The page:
Cultivating Reasoning Skills

One of the defining goals of a college education is to cultivate in students a discerning mind. Students demonstrate this intellectual characteristic when they are able to analyze issues critically and make informed decisions on questions for which there may not be a single or "right" answer. Faculty demonstrates this analysis and evaluation routinely in lectures and discussions, but often students seem to struggle and to differ greatly in their ability to develop these kinds of thinking skills. Students, particularly freshmen, are easily frustrated and confused when faced with deciding between multiple theories or explanations for ideas or in dealing with complex issues. William Perry studied this problem among Harvard undergraduates more than thirty years ago, and his findings continue to be significant. He recognized nine stages of intellectual development that may be condensed and described as:

  • Dualism--students exhibit a right/wrong approach to knowledge. Students in this stage typically view instructors as all-knowing authorities and perceive their role as students to be receiving this knowledge from instructors and repeating it back at appropriate times.

  • Multiplicity--students begin to recognize that some important questions do not have clear right or wrong answers. As a consequence, they may think that since some knowledge is uncertain, all views or opinions are equally valid. They may be confused by instructors' criticism of their work, assuming that it is based on personal whim. They may cope with this frustration by parroting what they perceive the teacher wants them to say, without personal epistemological conviction. Most college graduates remain at this stage of development in most areas of inquiry.

  • Relativism--students begin to recognize how to use reliable information to make informed decisions. They perceive an instructor as an expert resource or consultant on disciplinary methods of analysis, and their role as students as not just knowing facts but applying knowledge in different contexts and making conclusions based on evidence.

  • Commitment in relativism--students come to see knowledge as constructed and decisions as contextual, and recognize the need to make choices based not only on informed judgment but also personal values. Students may view instructors as models for making decisions consistent with sound intellectual judgment and personal ethics.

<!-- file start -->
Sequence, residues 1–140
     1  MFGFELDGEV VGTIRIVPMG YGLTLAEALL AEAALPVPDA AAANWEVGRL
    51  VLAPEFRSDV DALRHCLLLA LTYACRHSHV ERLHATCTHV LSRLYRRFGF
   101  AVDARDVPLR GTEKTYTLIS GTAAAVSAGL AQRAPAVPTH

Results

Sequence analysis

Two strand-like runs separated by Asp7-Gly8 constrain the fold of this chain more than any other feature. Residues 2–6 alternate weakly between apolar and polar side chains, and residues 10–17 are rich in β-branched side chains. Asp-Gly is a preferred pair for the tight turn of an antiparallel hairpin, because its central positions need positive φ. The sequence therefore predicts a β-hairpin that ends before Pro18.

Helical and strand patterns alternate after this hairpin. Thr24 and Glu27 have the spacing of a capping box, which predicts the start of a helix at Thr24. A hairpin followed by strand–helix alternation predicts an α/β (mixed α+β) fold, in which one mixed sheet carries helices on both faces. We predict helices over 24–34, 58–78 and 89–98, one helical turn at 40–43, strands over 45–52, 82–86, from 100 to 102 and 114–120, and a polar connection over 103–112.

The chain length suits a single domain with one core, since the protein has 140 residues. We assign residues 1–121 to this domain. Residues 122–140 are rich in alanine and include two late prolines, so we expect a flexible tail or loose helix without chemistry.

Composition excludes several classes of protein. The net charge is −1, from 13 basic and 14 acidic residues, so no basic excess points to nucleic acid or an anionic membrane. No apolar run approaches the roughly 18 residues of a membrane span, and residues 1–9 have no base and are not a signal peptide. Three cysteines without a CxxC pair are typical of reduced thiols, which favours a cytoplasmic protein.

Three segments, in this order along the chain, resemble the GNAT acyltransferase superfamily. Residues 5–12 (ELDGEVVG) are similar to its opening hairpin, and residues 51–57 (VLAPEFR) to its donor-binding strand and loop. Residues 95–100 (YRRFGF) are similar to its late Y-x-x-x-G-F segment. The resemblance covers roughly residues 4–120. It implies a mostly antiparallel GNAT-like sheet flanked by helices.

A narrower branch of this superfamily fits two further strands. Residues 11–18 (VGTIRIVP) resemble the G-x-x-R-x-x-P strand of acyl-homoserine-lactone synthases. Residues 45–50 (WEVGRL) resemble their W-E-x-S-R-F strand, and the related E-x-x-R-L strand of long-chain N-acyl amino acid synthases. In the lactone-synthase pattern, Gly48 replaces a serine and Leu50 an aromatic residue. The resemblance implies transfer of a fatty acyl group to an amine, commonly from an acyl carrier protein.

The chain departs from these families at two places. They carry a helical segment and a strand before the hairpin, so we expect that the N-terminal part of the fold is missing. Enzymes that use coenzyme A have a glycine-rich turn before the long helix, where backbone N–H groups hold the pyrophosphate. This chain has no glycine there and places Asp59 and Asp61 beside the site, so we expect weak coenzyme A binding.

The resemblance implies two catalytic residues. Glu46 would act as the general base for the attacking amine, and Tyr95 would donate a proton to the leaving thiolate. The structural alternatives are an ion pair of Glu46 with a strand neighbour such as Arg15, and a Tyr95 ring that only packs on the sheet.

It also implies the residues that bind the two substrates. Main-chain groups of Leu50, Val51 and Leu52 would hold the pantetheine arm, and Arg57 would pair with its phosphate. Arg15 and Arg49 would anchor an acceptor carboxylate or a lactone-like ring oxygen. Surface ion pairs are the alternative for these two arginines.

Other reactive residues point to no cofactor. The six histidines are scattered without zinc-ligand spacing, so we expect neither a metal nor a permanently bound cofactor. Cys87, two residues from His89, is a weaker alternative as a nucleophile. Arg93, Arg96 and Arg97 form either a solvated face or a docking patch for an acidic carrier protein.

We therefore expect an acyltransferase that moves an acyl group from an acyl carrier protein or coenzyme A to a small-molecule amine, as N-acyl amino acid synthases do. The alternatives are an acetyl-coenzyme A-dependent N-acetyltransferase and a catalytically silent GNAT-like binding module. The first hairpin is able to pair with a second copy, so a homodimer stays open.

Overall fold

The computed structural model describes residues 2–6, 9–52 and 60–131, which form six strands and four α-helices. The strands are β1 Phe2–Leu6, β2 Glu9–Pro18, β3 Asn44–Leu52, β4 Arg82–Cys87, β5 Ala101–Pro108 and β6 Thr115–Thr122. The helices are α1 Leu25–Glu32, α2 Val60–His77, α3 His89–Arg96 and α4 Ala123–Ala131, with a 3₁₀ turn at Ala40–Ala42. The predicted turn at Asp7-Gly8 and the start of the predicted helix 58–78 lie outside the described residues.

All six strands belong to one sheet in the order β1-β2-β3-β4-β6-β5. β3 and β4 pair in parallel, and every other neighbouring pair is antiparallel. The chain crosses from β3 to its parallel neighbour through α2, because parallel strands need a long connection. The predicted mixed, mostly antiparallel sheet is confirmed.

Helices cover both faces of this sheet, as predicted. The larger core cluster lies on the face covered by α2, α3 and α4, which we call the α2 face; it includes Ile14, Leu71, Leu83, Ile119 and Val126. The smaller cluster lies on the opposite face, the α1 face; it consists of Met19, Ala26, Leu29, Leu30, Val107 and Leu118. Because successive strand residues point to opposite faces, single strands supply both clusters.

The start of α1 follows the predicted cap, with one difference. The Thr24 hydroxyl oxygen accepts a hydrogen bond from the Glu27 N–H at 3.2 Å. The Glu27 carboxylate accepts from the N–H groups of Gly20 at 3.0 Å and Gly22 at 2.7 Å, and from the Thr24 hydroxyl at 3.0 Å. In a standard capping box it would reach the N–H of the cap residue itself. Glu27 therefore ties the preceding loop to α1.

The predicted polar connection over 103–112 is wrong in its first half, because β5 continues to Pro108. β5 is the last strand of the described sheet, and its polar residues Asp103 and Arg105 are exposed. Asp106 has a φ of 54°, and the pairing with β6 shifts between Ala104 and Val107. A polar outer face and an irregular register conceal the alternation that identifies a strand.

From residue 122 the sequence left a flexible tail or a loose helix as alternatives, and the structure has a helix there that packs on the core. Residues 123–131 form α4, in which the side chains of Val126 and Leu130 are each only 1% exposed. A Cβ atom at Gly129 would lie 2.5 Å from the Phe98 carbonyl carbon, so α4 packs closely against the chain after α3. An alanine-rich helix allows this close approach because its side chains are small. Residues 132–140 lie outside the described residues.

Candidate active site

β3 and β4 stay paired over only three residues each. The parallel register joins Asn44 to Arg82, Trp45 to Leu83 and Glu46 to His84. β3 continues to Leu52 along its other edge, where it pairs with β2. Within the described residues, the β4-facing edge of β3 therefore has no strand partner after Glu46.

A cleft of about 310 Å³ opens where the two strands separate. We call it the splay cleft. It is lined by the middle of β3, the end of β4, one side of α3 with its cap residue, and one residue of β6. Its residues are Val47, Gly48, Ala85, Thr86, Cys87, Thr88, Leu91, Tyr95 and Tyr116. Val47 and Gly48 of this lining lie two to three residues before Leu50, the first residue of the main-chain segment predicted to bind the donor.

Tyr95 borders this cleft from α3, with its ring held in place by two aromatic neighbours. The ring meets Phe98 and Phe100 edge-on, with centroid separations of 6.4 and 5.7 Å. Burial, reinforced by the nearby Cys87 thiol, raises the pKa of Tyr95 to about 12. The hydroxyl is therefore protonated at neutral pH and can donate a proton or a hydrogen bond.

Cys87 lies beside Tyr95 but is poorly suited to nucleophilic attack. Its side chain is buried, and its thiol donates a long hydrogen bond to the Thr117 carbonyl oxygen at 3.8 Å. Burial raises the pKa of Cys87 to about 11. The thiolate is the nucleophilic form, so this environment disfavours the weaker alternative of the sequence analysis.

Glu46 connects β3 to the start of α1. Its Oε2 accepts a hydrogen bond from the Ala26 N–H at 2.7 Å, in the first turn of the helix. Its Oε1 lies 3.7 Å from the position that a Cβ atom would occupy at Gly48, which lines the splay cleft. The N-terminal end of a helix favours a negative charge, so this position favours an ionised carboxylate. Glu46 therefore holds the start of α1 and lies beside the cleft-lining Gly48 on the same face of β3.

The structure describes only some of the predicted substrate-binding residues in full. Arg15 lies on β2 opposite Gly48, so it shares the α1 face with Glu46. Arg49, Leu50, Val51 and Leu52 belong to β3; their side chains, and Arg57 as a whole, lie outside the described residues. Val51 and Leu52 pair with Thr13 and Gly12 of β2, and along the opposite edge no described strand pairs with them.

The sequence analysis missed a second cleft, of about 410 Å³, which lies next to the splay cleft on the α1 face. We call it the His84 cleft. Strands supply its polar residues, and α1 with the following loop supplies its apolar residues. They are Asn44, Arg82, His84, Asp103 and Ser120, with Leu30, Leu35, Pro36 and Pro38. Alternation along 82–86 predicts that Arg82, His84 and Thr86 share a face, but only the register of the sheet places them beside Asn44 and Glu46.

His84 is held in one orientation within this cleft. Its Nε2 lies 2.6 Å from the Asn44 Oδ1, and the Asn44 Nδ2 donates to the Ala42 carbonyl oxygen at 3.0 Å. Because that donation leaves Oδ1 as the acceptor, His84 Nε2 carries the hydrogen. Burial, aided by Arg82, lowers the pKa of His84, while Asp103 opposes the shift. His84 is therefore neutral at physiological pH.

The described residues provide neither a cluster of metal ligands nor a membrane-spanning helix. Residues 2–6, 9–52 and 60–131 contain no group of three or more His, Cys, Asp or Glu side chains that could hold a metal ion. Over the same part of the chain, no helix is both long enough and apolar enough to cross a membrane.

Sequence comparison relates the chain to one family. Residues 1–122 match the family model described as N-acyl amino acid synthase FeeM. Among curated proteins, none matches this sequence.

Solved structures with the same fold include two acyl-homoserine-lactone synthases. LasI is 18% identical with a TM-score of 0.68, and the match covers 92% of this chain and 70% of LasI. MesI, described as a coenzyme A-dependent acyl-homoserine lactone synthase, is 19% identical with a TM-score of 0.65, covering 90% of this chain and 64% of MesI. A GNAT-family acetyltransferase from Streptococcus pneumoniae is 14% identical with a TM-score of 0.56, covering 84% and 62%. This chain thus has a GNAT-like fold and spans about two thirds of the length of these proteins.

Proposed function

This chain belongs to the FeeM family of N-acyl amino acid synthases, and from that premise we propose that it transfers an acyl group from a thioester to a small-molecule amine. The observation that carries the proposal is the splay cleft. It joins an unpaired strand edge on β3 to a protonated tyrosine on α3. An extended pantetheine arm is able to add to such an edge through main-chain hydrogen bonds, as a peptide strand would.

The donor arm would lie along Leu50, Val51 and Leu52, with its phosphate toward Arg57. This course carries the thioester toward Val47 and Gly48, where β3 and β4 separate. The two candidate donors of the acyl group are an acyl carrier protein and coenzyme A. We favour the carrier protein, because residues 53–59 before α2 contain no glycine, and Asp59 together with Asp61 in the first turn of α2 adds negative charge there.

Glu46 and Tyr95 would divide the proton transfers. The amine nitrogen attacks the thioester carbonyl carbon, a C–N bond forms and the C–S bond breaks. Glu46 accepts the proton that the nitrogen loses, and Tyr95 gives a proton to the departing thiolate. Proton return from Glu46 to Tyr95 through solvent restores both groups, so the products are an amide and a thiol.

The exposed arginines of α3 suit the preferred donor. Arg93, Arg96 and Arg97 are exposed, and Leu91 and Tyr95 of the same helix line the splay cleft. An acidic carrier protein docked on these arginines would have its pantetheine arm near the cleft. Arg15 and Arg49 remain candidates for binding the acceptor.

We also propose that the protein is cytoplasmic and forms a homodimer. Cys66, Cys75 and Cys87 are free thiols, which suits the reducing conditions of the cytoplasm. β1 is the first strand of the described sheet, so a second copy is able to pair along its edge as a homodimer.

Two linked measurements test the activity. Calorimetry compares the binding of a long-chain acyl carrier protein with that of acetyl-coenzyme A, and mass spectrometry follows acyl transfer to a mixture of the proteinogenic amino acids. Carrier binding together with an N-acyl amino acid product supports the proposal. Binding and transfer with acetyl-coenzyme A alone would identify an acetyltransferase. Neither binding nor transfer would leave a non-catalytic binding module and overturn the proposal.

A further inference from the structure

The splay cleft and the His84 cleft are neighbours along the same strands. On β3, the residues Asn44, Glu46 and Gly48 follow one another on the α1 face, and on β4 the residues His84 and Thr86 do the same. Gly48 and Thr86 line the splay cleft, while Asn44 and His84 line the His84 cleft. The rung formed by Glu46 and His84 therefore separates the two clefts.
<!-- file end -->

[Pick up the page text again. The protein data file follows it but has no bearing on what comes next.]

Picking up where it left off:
An important message from Perry's work is that the ability to think critically is attained incrementally. Students may exhibit different levels of intellectual maturity at the same time depending on the course material and the various stresses that they may feel in coping with certain ideas or course requirements. Students may not naturally progress through these stages without support, and faculty may find it helpful to order assignments deliberately to recognize the struggles students have with knowledge in the field. Faculty may help students' development by:

  • Providing examples, both historical and current, in which the knowledge of your field
    evolves as new ideas emerge.

  • Making explicit comparisons of theories and criteria for "best" theories in your field.
    Delineating the limits of your field, the values inherent in the practice of your field, and
    the consequences that follow from applying these values.

  • Showing how your decisions about complex issues are based on best analysis of
    information and grounded in your inherent set of values.

  • Using pedagogical strategies that allow students to rehearse or practice deliberating on
    important ideas through writing, speaking, discussing and reviewing.

  • Allowing students opportunities to engage in structured small group discussions to
    practice critical thinking skills.

References and Resources:

Kloss, R. J. (1994). A nudge is best: helping students through the Perry scheme of intellectual development. College Teaching 42,151-154.

Nelson, C. (1999). On the persistence of unicorns: the trade-off between content and critical thinking revisited. In B. A. Pescosolido & R. Aminzade (Eds.), The social worlds of higher education:handbook for teaching in a new century (pp. 168-184). Thousand Oaks, CA: Pine Forge Press.

Perry, W. (1999). Forms of ethical and intellectual development in the college years: a scheme. San Francisco: Jossey-Bass Publishers. (Originally published in 1968 by Holt, Rinehart and Winston,Inc.)

For additional pedagogical resources, visit the Graduate Students and Faculty webpages.